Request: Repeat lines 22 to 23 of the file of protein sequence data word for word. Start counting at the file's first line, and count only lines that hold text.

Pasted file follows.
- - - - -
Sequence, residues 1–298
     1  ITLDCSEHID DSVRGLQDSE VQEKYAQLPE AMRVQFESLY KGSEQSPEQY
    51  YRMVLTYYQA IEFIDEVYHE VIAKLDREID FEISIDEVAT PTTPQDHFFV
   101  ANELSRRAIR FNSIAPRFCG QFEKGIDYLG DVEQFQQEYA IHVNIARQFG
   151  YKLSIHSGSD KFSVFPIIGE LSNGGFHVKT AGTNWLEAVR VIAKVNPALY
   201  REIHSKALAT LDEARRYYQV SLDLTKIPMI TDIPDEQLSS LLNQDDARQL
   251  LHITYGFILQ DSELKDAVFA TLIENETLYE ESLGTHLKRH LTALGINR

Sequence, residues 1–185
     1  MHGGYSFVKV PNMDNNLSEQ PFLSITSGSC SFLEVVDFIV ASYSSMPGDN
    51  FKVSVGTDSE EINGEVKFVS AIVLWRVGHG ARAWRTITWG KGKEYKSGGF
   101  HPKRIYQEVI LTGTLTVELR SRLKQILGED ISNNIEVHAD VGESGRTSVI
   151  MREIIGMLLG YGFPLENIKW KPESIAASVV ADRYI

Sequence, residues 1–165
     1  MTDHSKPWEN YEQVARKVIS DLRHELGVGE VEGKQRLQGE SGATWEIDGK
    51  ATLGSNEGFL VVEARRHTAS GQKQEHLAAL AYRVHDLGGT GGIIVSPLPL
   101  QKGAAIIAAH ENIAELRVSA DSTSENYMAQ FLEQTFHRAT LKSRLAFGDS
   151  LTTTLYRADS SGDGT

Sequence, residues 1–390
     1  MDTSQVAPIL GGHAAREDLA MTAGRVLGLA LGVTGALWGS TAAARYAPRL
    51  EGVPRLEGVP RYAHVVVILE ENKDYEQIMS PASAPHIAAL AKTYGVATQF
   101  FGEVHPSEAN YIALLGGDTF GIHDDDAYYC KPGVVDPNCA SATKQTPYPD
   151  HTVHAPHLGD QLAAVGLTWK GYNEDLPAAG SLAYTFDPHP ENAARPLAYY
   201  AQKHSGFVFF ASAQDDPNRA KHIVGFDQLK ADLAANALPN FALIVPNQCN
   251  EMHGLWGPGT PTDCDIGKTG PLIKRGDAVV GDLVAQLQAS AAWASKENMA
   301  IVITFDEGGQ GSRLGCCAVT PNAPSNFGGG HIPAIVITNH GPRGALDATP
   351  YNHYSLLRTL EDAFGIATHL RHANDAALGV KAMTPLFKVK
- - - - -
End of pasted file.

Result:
   151  HTVHAPHLGD QLAAVGLTWK GYNEDLPAAG SLAYTFDPHP ENAARPLAYY
   201  AQKHSGFVFF ASAQDDPNRA KHIVGFDQLK ADLAANALPN FALIVPNQCN